A recent survey revealed the huge population of green monk parakeets in Madrid. The magnitude of the problem forced the administration to go in for drastic measures. These feathered friends are native to Argentina and many of them entered the country as Pets. However, eight years ago, it became illegal to own them and they are now enemies. On a rough estimate, their numbers are in thousands. In 2005, it was 1,700.

That swelled to 9,000 three years back and is now in the region of 12,000. They became a common sight in the skies and a nuisance because of their nests which are large ones and heavy.

The Guardian points out that the city council wants to reduce the numbers because these birds compete with other species for food. Moreover, the parakeets destroy the Environment when they go in search of material to build their nests for which they use huge sticks.

Some of the nests can weigh as much as 400 pounds (200kg), hence are dangerous to have around. The council says the nests are a “threat to the branches that support them and also to the people on whom they could fall.” In addition, the birds can pose health risks to humans.

Methods to check the menace

Authorities of Madrid are aware of the parakeet menace.

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They are trying to evolve suitable strategies in consultation with agencies that are associated with birds. The intention is to resort to a time-bound exercise of “humane slaughter” and sterilization. A representative of the council has said, “We’re going to put into effect a plan to control and reduce the number of monk parakeets in the city of Madrid.”

The Guardian makes a mention of the bird effect on the residents.

People keep complaining and the number of complaints justifies taking immediate action. The whole of last year there were 218 of them while this year, between January and August, the figure is already approaching 200. Incidentally, the proposed culling action would be selective and could depend on the density of the population.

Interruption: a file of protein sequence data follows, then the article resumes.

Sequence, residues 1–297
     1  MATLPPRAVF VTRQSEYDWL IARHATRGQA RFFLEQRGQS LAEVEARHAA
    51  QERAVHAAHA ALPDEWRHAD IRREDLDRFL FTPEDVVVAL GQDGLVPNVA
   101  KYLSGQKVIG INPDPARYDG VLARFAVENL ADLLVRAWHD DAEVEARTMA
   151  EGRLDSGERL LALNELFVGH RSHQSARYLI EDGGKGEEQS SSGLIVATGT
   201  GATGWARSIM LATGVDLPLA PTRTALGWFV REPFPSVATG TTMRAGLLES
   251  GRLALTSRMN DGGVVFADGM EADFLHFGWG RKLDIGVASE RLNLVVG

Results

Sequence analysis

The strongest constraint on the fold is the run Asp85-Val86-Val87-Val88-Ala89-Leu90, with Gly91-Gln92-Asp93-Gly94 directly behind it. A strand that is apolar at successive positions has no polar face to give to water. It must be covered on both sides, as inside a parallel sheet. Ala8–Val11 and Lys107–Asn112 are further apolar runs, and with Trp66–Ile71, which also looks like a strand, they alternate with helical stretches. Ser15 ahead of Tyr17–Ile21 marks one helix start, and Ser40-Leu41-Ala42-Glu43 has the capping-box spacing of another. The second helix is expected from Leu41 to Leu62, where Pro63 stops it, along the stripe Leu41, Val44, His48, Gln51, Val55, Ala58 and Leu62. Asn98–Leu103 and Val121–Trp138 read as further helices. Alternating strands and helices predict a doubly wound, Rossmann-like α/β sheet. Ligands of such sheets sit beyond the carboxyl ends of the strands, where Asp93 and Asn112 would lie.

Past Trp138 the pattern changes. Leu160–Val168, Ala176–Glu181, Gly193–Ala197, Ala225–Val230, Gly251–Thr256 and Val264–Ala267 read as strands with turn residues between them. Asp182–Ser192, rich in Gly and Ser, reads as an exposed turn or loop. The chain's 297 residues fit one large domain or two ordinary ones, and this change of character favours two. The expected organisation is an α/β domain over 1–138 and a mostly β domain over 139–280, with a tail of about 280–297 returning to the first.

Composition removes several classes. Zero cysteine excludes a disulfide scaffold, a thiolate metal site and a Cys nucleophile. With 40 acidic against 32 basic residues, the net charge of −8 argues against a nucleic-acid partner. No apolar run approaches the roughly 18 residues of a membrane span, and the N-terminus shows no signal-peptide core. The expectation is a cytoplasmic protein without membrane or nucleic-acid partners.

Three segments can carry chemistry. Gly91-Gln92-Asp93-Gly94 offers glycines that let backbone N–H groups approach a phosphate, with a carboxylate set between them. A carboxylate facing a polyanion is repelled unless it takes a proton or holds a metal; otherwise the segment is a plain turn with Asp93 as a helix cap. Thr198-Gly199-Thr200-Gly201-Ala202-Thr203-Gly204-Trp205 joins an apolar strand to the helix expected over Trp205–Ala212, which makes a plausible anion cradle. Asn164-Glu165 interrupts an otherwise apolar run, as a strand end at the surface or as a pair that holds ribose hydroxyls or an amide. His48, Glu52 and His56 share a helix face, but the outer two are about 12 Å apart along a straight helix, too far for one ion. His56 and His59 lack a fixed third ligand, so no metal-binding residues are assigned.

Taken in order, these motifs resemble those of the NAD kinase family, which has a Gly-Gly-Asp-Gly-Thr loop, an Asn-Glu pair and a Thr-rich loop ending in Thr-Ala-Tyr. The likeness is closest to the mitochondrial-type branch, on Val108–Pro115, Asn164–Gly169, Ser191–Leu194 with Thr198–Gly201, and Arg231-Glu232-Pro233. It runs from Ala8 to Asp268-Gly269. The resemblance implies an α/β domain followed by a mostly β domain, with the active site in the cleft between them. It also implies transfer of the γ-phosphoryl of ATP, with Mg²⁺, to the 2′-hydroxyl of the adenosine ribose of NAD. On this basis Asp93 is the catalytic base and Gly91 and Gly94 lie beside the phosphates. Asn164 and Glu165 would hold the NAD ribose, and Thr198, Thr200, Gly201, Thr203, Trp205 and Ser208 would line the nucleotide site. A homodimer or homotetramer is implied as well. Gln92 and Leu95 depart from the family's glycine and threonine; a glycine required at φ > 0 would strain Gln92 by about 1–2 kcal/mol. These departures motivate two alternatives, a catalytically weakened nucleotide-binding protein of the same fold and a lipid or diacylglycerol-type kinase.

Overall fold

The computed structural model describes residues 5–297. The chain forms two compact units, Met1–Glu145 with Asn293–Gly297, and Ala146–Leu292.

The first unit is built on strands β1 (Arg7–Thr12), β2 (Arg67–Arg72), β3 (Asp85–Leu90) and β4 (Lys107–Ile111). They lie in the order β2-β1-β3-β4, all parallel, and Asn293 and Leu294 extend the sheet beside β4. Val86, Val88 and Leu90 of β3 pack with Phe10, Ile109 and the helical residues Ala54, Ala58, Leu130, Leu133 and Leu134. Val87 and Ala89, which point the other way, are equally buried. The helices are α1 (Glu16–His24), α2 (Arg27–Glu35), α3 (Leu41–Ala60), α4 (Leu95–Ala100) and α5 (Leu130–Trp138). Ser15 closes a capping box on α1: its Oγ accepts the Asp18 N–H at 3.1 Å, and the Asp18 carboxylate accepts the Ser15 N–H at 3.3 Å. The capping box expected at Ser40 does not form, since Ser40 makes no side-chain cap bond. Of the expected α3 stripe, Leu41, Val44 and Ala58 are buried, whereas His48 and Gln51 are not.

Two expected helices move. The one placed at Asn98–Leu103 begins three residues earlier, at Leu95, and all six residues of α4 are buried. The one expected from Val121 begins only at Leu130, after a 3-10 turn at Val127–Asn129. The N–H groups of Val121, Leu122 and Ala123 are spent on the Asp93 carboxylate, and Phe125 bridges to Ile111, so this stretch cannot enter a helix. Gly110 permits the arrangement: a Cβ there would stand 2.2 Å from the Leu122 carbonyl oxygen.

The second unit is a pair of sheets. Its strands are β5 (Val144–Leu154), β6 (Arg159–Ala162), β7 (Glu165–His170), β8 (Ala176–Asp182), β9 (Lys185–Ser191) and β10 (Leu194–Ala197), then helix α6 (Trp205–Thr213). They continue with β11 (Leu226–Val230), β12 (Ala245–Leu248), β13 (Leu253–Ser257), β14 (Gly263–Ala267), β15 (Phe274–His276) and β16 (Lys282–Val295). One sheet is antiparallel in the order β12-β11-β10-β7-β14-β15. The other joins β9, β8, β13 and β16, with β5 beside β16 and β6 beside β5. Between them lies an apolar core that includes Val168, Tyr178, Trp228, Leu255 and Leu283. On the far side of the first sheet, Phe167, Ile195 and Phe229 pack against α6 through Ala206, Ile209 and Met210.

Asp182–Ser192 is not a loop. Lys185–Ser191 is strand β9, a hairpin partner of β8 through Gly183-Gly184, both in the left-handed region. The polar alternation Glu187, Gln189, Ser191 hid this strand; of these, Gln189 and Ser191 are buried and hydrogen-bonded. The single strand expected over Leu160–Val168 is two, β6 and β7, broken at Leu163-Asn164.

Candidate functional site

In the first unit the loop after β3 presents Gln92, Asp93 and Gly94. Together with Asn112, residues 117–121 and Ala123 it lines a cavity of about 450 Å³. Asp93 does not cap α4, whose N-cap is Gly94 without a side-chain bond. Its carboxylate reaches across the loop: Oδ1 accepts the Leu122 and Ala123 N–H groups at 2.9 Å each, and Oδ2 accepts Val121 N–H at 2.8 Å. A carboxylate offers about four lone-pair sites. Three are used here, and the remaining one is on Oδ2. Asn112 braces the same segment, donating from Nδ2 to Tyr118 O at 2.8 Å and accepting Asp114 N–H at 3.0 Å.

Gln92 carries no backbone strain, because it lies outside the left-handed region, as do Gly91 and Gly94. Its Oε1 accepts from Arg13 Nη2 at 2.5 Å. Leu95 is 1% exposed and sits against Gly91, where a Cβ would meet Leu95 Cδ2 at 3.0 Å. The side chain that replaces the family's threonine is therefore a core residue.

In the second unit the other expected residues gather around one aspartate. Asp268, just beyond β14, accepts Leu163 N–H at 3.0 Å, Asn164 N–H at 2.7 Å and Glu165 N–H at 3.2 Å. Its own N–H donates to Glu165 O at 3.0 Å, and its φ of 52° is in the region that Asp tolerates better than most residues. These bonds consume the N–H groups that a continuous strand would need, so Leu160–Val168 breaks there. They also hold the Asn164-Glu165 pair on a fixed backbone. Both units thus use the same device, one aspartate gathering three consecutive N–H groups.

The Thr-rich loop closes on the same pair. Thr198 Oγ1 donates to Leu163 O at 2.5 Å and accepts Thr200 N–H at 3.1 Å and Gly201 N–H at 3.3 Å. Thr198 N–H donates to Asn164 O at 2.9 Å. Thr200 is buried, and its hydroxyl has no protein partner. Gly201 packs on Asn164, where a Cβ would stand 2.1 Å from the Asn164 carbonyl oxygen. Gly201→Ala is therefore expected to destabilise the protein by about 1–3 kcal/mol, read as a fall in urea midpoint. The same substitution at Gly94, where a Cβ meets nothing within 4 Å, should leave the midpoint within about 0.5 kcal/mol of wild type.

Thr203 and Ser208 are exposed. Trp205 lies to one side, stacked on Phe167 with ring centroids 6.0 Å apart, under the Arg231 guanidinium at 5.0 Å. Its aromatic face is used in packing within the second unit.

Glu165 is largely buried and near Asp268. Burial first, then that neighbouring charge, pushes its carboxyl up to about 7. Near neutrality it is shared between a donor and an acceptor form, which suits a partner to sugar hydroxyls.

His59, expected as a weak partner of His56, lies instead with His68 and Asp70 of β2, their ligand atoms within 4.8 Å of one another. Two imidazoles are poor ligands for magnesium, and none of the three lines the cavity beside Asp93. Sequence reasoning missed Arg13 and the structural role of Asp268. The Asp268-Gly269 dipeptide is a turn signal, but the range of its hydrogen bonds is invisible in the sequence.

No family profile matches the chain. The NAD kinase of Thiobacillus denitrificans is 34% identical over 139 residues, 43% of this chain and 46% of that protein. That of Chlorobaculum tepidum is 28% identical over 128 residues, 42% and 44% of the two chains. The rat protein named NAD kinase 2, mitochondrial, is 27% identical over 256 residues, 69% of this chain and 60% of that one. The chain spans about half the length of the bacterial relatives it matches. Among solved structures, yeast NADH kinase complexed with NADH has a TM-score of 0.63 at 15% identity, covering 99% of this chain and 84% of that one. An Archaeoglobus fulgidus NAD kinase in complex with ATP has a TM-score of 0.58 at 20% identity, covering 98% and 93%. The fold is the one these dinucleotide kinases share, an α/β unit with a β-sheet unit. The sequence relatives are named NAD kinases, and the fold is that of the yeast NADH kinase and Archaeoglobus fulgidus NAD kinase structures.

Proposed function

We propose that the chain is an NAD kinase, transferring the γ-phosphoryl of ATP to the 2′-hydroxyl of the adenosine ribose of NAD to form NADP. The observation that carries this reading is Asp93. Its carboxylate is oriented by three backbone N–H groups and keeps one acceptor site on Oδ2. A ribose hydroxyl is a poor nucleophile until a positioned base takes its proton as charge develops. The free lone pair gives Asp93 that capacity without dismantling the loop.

Monk parakeets are an exotic invasive species

According to Gulf News, the soaring population of monk parakeets is having an adverse effect on the environment.

The city authorities in Madrid are considering steps to reduce the numbers. There are nearly 12,000 of them and they fight with other birds for food. They also rip branches from trees to build their nests, which are strong, sturdy and heavy weighing from 110 to 400 pounds. These can pose dangers to those on the ground in case they crash down.

One of the plans to check their growth is to sterilize their eggs in the nest to encourage females to incubate but not hatch them.

Spanish law has classified them as an exotic invasive species. While birds are necessary to maintain the ecological balance, they become a menace when their numbers increase and go beyond control.

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